In vulnerable and fragile contexts, this will require investments in integrated farm–livelihood approaches, together with systemic forms of sustainable intensification9. The application of on-site solutions such as integrated soil and water management systems, water harvesting practices, conservation tillage, and integrated watershed and landscape planning can help increase productivity, raise system diversity and reduce farmer costs while reducing negative externalities9. Smallholder farms need to be at the focus of such strategies, given their ability to generate high yields while promoting biodiversity at the farm and landscape scales10. Sustainable intensification can also be applied to animal production systems, for example through the use of agroforestry. Feeding animals with tree leaves can lead to higher meat and milk productivity11, reducing the amount of methane released per kilogram of food produced while contributing to carbon sequestration. Sustainable intensification of animal production can be particularly important in vulnerable and fragile regions, as animals are one of the main assets and sources of food security to households in rural communities. Although transformations towards more sustainable and climate-resilient food systems require a major shift to plant-based diets in most parts of the world, we need to take into account the context-specific differences in how these transitions should be made. Removing animal food sources from these regions would have major negative impacts on food security. Sustainable intensification of animal production can be an alternative way of achieving the double goals of food security and sustainability in some of these regions.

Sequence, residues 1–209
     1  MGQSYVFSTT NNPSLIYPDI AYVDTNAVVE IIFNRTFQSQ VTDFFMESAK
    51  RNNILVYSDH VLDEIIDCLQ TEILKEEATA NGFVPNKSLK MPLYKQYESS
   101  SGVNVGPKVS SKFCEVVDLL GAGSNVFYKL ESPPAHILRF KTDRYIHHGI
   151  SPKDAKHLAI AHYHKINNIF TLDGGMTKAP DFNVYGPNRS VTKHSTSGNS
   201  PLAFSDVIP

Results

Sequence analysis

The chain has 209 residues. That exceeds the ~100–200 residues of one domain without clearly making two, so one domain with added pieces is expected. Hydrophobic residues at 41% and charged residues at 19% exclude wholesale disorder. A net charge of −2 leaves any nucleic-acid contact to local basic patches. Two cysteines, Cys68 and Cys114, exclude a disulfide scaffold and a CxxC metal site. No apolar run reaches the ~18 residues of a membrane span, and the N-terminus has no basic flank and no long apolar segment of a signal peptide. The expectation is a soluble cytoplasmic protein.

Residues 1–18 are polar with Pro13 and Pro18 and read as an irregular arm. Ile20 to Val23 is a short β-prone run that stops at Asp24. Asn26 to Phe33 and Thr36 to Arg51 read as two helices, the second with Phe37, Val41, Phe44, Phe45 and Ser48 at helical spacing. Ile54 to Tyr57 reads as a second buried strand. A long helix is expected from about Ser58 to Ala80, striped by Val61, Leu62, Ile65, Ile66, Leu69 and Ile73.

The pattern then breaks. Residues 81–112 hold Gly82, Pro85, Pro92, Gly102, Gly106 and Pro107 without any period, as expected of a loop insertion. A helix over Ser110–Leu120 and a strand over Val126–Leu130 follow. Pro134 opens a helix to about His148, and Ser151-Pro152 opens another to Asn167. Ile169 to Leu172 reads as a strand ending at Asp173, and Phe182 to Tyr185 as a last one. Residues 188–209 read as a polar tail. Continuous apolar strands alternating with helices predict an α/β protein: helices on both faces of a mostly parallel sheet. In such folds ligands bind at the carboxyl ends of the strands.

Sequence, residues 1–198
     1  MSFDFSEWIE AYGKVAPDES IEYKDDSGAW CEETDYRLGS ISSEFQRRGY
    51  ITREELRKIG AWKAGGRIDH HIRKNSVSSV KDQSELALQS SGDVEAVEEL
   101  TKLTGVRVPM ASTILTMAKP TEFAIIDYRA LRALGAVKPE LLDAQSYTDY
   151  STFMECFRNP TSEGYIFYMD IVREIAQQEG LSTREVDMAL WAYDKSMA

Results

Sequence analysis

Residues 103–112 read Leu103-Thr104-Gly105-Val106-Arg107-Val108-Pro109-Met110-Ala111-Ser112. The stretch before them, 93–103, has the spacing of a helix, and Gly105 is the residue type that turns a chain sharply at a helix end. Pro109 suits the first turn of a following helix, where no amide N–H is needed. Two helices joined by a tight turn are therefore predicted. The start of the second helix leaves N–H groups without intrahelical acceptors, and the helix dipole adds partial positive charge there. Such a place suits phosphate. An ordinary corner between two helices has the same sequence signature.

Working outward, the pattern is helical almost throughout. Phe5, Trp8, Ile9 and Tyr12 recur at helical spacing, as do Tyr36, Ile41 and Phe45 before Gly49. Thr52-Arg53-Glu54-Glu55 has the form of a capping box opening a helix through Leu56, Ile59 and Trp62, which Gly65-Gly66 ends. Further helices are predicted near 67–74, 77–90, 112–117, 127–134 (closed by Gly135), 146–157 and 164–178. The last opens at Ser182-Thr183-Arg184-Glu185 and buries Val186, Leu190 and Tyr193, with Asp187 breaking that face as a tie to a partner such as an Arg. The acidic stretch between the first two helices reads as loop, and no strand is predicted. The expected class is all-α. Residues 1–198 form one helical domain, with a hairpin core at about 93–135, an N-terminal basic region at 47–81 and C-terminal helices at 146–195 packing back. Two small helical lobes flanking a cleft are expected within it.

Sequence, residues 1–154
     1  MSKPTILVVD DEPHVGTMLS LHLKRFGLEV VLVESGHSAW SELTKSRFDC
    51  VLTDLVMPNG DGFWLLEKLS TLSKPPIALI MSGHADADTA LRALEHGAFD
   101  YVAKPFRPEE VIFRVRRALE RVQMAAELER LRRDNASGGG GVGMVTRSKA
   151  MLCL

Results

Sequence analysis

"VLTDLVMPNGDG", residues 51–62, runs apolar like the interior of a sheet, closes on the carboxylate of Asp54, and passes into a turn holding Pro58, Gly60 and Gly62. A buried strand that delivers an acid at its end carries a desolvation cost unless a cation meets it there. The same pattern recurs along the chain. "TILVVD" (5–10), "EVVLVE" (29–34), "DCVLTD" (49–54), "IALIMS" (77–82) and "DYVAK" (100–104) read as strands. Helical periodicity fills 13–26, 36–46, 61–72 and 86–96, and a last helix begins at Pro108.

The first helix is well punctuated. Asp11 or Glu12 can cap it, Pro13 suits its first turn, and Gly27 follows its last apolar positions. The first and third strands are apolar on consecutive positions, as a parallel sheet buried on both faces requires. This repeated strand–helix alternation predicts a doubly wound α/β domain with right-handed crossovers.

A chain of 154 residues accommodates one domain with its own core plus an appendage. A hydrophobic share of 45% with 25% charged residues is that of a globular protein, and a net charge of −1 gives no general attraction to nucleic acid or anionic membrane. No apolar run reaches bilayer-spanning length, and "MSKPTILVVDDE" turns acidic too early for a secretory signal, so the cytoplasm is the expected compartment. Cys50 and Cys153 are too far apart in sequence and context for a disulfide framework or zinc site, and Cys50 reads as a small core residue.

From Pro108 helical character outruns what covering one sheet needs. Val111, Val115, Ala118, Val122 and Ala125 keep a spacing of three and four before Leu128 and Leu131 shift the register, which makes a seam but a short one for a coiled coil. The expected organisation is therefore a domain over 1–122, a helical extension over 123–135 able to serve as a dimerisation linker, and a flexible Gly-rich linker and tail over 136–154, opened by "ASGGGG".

Halting agricultural land expansion in countries suffering from extreme food insecurity can result in short-term impacts and lost benefits8. It could be further complicated by substantial projected population growth over the next few decades in many of these regions. Furthermore, many food-insecure countries (which are often vulnerable or fragile; Fig. 1) host areas of high conservation value, such as biodiversity hotspots and large tracts of forest carbon sinks8. Although it is possible to combine the double goals of biodiversity and food security, this overlap might create further challenges to management and governance of these areas. It is therefore essential that land and water governance accompany investments in sustainable intensification practices in ways that ensure distributed, equitable long-term local benefits that outweigh potentially foregone benefits of continued land expansion.